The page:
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Weekly Economic and Financial Commentary: One More Ball to Juggle

U.S. Review

Politics Takes Center Stage

  • The release of the transcript of President Trump’s phone conversation with Ukraine President Volodymyr Zelenskiy and the whistleblower complaint overshadowed most of this week’s economic reports and took bond yields modestly lower.
  • Consumer confidence came in weaker than expected in September, falling 9.1 points to 125.1. The jobs plentiful series fell back from its cycle high hit the previous month.
  • Durable goods orders rose 0.2% in August, but nondefense capital goods orders fell by a like amount and were revised lower for the prior month, indicating that capital spending continues to lose momentum.

One More Ball to Juggle

The onslaught of news reports concerning President Trump’s midsummer phone call with Ukrainian President Volodymyr Zelenskiy overshadowed most of this week’s economic reports. The impeachment inquiry is almost certain to dominate the headlines, but Trump’s strong support within the Republican Party means he is unlikely to be removed from office. His 91% approval rating among Republicans, according to Gallup, is a key variable to watch—if it slips, market volatility is likely to increase. The impeachment investigation and related hearings might make it even more difficult to reach a meaningful trade deal with China. The market had placed fairly low odds on such a deal being reached, however. Legislation should still move forward on many fronts, including the USMCA, or update of NAFTA (see Topic of the Week).

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This week’s economic reports reinforce the notion that U.S. economic growth is continuing to lose momentum. While slower growth overseas is responsible for much of the drag on U.S. growth, consumers and businesses appear to have become more guarded about the outlook. Consumer Confidence fell by a larger than expected 9.1 points to a still respectable 125.1. Consumers grew more cautious about both the present situation and future conditions. The robust assessment of the labor market a month earlier was also completely reversed.

Too much should not be made of the big drop in Consumer confidence. The Conference Board’s survey was out of sync with the University of Michigan’s Consumer Sentiment Survey, which was reported Friday morning. Consumer sentiment rose 1.2 points to a solid 93.2. Measures of consumer confidence tend to track spending and employment conditions over time but do a poor job of predicting month-to-month changes.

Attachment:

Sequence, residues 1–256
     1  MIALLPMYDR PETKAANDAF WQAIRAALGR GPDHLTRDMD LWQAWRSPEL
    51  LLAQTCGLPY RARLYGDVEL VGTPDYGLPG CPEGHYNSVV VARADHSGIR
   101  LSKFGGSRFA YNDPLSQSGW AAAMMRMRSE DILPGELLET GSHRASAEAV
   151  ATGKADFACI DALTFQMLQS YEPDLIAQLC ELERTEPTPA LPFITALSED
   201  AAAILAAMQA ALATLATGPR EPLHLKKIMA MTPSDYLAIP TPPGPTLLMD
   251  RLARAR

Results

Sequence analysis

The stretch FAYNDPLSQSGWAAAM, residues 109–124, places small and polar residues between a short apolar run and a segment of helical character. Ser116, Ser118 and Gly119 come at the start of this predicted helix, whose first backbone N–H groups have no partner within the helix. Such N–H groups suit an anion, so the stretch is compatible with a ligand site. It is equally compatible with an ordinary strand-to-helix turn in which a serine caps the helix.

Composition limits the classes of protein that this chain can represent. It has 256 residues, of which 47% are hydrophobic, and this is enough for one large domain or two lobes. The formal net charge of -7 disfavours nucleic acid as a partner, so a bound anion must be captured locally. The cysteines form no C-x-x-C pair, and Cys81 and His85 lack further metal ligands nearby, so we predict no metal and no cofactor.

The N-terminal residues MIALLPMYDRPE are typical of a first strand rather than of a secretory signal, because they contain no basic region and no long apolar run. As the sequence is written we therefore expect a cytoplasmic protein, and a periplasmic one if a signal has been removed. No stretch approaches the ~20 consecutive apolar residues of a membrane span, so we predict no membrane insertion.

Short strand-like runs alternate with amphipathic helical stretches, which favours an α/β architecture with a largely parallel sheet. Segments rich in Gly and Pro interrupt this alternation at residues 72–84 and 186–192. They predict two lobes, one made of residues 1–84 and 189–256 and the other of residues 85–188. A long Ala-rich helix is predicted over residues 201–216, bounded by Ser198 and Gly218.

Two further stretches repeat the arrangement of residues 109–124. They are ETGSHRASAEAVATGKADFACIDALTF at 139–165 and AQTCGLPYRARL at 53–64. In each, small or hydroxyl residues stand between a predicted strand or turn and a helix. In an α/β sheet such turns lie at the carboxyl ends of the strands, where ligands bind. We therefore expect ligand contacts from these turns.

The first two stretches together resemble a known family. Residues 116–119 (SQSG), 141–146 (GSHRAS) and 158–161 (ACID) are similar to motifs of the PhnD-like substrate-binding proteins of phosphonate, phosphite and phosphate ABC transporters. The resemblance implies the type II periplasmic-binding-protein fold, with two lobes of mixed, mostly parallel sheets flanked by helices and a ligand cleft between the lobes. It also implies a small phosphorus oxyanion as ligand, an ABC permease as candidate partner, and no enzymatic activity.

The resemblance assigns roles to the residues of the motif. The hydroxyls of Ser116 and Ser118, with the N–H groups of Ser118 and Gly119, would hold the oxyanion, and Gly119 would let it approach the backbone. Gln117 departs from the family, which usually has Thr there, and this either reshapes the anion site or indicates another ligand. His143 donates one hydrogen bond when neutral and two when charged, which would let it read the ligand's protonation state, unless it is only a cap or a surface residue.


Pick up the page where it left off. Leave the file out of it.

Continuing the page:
Consumer spending for August came in slightly below expectations, rising just 0.1%, while spending growth for the prior month was revised 0.1 percentage point lower to just a 0.3% gain on an inflation-adjusted basis. The smaller rise in consumer spending brings outlays a touch below our expectations but well below the consensus which had been looking for a stronger gain. Consumers appear to be in solid shape, however. Nominal personal income rose 0.4% in August, led by wages & salaries, which rose 0.6%. With income outpacing spending, the saving rate rose back above 8%. Consumers certainly have the wherewithal to keep spending on a solid path.

Advance orders for durable goods rose 0.2% in August, but the key nondefense capital goods ex-aircraft orders fell 0.2% and saw orders for the prior month revised from a 0.2% gain to unchanged. Shipments rose modestly. The orders numbers are clouded by the slowdown in Boeing’s 737 Max production as well as the GM strike, which is beginning to have some impact on parts inventories. We incorporated the weakness in capital spending in our latest forecast and both the softer consumer spending and core durable goods shipments data remain consistent with our estimate of 1.6% third quarter real GDP growth.